As a small charity, we depend on charitable donations for all areas of our work. Without them, SEA wouldn’t exist. This year, SEA super supporter Abby Riach has been raising vital funds through a series of fundraising challenges. Despite juggling a Master’s degree in law and a role at her local rape crisis centre, Abby has already raised over £200 this year for SEA.
We sat down with Abby to find out more about her and discuss her latest fundraising challenge!
1. Abby, how did you first hear about Surviving Economic Abuse?
I found out about SEA while researching for my MA Law project. I was interested in doing something about Violence Against Women and Girls but also wanted to focus on a topic I’d never really heard of before or that was not really talked about. I’d seen and heard of examples of economic abuse before but never heard it named economic/financial abuse. I knew I needed to research more on this and I came across the charity in doing so. As soon as I saw the website and read the information I knew this was what I wanted to focus on.
2. What inspired you to start the fundraiser?
I’ve always been a keen fundraiser doing various events, such as runs, swims and cycles, and thought I’d challenge myself coming out of the last lockdown to my biggest fundraiser yet. Of course, beyond that, I was also really keen to combine my studies with something that actually helps people affected by the issue and I’d heard some really powerful testimonies about the work the charity does so chose to support SEA from that point.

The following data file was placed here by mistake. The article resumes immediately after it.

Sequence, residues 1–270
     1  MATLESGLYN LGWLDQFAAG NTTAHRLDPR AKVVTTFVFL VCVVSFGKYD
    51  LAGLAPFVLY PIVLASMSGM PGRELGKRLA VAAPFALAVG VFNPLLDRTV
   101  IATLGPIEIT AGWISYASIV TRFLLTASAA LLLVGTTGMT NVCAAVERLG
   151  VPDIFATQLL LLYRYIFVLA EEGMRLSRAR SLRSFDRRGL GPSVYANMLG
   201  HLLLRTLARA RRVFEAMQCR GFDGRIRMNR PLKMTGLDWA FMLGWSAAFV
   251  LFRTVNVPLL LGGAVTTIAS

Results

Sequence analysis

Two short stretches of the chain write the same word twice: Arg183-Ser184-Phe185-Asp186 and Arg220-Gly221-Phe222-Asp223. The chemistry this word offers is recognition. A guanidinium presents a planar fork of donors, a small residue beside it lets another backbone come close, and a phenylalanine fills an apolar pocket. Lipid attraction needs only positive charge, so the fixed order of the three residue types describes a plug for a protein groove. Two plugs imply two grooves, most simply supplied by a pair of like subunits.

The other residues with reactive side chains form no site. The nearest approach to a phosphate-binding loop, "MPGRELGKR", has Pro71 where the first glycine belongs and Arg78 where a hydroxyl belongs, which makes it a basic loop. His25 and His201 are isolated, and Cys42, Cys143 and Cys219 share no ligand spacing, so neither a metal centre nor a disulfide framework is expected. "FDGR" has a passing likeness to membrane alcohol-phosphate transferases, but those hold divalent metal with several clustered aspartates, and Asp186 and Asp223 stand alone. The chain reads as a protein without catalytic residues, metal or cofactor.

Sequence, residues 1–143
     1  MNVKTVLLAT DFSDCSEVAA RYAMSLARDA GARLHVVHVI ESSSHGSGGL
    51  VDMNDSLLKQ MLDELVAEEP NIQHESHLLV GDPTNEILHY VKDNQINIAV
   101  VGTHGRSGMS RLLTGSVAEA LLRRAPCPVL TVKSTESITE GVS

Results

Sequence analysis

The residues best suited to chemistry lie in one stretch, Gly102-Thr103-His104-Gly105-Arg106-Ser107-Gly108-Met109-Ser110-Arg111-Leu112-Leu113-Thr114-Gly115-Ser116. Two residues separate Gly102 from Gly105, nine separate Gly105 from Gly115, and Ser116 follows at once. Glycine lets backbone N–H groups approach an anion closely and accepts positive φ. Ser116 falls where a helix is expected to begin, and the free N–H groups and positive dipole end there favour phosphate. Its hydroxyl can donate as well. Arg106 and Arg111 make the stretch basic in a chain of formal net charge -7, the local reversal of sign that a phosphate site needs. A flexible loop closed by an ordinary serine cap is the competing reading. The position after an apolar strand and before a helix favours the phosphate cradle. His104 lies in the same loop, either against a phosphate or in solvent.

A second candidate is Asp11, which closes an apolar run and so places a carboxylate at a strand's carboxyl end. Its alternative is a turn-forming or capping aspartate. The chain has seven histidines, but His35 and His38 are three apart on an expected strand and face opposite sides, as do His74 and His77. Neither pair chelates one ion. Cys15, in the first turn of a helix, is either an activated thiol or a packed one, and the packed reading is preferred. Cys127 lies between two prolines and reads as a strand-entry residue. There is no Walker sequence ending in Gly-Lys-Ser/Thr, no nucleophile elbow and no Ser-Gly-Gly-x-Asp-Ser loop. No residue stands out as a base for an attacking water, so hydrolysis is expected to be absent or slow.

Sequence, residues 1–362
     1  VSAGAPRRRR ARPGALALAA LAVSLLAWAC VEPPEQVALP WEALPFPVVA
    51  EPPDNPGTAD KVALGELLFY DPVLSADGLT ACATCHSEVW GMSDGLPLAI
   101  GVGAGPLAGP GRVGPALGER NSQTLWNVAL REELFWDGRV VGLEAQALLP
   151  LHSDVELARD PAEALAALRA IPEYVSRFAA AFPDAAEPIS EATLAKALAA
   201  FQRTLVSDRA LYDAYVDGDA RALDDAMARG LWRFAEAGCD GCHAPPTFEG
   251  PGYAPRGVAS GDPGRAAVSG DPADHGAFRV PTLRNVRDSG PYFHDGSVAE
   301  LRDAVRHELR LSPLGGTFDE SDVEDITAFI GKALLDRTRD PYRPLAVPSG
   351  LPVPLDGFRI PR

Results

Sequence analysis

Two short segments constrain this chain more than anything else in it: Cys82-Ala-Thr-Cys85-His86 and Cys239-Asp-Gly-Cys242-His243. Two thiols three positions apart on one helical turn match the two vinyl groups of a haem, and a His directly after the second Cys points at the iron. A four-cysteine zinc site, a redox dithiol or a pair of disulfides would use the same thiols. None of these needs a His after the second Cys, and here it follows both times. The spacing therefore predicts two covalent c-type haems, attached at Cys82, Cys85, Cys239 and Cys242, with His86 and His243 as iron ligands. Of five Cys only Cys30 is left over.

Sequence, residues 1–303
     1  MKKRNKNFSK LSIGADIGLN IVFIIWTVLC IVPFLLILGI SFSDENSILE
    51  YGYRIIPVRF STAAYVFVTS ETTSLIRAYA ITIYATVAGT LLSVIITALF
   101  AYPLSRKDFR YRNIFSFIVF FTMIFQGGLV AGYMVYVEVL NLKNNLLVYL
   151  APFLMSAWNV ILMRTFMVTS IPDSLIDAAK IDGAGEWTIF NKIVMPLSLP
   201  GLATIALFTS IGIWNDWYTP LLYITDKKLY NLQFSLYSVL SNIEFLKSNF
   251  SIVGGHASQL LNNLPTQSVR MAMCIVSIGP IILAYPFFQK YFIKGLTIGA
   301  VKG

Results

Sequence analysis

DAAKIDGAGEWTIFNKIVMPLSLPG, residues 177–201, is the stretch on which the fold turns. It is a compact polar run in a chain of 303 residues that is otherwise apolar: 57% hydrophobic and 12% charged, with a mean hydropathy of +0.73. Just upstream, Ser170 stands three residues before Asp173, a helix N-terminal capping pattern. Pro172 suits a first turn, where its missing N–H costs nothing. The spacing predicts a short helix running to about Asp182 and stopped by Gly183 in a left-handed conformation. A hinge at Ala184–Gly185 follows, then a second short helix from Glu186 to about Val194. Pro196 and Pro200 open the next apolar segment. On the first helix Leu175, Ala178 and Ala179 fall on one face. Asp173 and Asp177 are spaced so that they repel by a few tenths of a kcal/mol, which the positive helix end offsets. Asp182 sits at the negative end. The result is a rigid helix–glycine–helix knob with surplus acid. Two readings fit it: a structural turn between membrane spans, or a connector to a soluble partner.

3. What has been the highlight so far?
I think the highlight of my fundraising year so far was completing my half marathon and getting closer to the first fundraising goal of £250.
4. What has been most challenging?
The most challenging part was having to finish the last challenge early due to injury. I took a little time to rest after the half marathon and felt really prepared to start this challenge and was really motivated and enjoying running plus I was upset at not being able to continue the fundraising. I learned to rest though and am super ready to start a new challenge.
5. What are you planning for the final part of the year?
I started a challenge earlier this year that involved 95 days of running to signify the 95% of cases of domestic violence where economic abuse is also experienced but unfortunately had to cut that short due to injury so will be starting a new challenge with a wee twist. It will be 95 days of workouts this time! I’ll be combining running, spinning, yoga, Pilates & other workouts each day for the 95 days running up to New Year.
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6. Why do you think SEA is a charity worth supporting?
SEA does ground-breaking work and already in the first few years of running they have made so much progress in raising awareness, increasing recognition of economic abuse and providing support to survivors. The work they do is really vital work and often goes unrecognised which leaves survivors long-term financial stability at risk. Especially at this time with the cost of living crisis already leaving people significantly less well off, their work is even more important.
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